As a management expert and researcher, it is straightforward to think that you will encounter managers and HRM asking for help in redesigning their business. After all, you have devoted so many years to researching those issues and disseminated your ideas on journals and at conferences, with a focus on business organizations. That’s why yesterday I was caught by surprise when I met four political campaign makers in my office. They are part of a large political movement that supported the successful election of the new Mayor here in Milan, following almost 20 years of dominion by the center-right alliance lead by Mr Berlusconi.
They were three twenty-something, positive, and emotional young students joined by a more senior militant. The topic was to discuss how a social movement could keep afloat after the climax of a largely unexpected victory. We had a two hour exchange of ideas and I do not know whether this will turn out into a new action research project, but I was left with some thought I like to share, since they reach out to problems we face in business nowadays.
The first issue is goals. They had had no problems until the large group of supporters had fought side by side to convince electors to support their candidate. Everybody was using all of her resources and the shared goals had put any inconsistency in the background. Companies as well enjoy great empowerment when they are in the start-up phase or in the start-up mood (for example, launching a new product). But lately, they forget about the needs of people to share a mission and get back into the business-as-usual mood.
The second issue was the true agenda of leaders. In the campaign phase everybody would voice his commitment to the shared goal of the elections and his own goals would be in the shadow. Now, victory is gained, and people turn to the true reasons for their commitment to find out they differ a lot. Some were just there for the emotions, other for their ideals, but other were there to obtain the chance to access a new network of relations. Again, in business we tend to be unidimensional and project on everybody the same expected motivation. People do differ and they will differ in time. There is no way to define the prototypical organizational citizen. But why should we design HR systems that are so uniform and fail to grasp heterogeneity?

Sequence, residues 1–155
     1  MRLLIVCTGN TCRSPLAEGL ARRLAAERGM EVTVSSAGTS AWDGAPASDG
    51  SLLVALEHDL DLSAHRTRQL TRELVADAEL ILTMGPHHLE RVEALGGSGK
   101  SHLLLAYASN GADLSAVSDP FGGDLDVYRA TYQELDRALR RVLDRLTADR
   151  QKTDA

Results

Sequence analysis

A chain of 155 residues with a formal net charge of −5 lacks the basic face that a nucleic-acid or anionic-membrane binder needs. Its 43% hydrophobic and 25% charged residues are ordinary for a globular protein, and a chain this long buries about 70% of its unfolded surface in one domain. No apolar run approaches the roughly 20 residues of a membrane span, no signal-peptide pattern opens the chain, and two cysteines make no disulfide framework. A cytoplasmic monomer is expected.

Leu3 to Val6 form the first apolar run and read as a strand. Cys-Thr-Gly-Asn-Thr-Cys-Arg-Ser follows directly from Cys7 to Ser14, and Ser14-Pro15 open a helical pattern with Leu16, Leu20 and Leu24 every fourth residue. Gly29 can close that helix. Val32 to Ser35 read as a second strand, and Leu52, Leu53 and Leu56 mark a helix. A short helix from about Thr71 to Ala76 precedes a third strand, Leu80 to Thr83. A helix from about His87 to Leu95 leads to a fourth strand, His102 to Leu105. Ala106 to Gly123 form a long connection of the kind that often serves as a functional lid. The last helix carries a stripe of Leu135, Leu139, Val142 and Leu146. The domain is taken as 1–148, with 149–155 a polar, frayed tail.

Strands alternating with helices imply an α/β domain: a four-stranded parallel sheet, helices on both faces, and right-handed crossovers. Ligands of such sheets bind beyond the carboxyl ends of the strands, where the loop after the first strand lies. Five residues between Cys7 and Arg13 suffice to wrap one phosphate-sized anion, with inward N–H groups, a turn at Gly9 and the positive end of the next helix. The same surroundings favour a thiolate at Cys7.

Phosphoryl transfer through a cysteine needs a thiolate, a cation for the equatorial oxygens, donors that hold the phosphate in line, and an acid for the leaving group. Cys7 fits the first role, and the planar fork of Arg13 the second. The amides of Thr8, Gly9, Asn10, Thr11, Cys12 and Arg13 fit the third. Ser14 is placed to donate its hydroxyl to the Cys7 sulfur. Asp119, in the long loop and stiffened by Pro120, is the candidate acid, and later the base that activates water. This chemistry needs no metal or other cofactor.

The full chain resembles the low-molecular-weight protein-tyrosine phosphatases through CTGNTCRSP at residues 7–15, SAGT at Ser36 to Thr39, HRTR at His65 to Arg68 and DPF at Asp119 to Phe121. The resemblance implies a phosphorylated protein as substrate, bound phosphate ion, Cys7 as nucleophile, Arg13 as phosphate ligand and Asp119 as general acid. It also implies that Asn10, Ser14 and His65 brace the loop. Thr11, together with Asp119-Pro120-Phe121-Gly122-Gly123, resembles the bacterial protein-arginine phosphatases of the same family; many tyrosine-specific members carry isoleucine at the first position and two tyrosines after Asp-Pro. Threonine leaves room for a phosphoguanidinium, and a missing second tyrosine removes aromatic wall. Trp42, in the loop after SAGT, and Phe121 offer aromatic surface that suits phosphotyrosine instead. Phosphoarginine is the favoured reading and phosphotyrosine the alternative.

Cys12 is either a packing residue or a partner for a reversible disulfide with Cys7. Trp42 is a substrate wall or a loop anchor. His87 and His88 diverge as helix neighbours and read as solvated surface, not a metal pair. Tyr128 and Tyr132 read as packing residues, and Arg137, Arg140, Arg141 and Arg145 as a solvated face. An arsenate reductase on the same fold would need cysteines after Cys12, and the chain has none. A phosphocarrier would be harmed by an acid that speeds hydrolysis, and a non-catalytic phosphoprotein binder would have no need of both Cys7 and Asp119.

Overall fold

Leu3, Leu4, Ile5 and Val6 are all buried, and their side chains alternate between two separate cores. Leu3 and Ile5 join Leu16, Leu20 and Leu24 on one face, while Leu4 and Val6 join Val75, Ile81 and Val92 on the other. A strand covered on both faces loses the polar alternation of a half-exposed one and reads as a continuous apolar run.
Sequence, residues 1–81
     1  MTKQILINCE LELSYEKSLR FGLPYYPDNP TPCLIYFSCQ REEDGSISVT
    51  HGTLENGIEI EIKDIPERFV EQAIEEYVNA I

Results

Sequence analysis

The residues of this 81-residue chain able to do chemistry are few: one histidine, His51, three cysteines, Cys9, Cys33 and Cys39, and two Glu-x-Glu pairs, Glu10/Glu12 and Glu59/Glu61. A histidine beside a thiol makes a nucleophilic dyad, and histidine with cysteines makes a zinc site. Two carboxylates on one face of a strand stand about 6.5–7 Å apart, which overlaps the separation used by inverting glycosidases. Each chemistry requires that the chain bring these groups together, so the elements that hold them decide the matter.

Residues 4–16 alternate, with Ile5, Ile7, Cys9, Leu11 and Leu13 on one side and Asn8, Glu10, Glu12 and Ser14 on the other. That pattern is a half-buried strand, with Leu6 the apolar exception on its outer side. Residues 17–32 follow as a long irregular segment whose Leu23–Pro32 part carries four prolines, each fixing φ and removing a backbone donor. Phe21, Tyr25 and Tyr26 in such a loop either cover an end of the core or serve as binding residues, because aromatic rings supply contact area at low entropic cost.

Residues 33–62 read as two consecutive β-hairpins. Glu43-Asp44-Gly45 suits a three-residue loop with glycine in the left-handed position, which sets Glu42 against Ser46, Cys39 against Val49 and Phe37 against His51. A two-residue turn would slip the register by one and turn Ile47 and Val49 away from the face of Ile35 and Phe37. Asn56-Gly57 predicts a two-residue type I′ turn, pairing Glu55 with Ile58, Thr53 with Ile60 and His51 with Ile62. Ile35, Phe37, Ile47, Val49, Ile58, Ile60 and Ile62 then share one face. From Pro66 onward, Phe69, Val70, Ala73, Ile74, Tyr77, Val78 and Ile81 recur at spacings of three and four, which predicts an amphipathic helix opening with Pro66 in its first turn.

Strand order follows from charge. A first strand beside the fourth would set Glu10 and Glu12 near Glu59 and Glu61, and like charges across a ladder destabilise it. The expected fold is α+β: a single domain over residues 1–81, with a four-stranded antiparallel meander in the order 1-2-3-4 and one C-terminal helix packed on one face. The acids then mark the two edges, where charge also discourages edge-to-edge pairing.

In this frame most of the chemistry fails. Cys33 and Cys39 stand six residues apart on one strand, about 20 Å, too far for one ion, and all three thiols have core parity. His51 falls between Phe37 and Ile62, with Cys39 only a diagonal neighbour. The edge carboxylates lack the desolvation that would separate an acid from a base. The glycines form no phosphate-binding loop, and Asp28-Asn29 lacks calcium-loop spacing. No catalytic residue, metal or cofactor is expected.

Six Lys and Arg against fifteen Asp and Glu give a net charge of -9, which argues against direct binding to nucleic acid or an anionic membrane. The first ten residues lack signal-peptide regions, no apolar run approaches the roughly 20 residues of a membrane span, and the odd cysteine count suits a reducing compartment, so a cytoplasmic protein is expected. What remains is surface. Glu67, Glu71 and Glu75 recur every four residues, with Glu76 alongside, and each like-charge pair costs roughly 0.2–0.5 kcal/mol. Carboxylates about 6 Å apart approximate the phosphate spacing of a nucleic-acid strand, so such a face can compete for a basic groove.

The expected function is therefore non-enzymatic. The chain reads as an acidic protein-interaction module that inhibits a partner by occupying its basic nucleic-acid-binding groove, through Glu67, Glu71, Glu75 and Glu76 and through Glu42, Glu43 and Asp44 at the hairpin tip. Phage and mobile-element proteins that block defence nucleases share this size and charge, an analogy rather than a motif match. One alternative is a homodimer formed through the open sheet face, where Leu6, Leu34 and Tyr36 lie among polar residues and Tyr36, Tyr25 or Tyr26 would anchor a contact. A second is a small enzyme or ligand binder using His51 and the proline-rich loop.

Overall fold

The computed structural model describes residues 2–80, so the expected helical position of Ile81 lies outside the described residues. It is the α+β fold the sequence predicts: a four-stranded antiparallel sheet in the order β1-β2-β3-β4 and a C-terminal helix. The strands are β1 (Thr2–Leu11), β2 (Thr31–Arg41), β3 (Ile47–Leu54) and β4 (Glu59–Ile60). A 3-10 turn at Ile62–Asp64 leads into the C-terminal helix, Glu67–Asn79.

The third issue was power and legitimacy to take decisions for the group. Undoubtedly, the campaign was managed by smaller committees that were created by local leaders, who took charge of building up the groups. They enjoyed a great deal of autonomy and the campaign profited from the ability to reach out to voters through different lenses and perspectives. But this enjoyable autonomy, is now posing limits to the ability to decide as a group and enforce decisions over unsatisfied members, who are leading their own committees and being followed by other members. Again, in business we tend to overshadow the fact that leaders might act out of their desire for autonomy and rational decision making processes might not suffice to change their minds, and most notably habits and true behaviors.
There might be other confused thoughts stemming from this meeting. What is striking to me though is that there are two possible ways to deal with this. The first is to ignore it and go on pretending things will work out the way we think they should. That’s the way practiced by so many executives who prefer to believe they will be followed blindly than realize they are in charge of really leading the organizations. The second is what brought this uncommon party to my office. Realize you might have a problem that cannot be solved with a quick fix, and requires somebody from outside with the ability to see and interpret what has become common and invisible to us. That’s the role of a Corporate Sense maker, and I found it striking that a movement might realize its utility more rapidly than so many business organizations.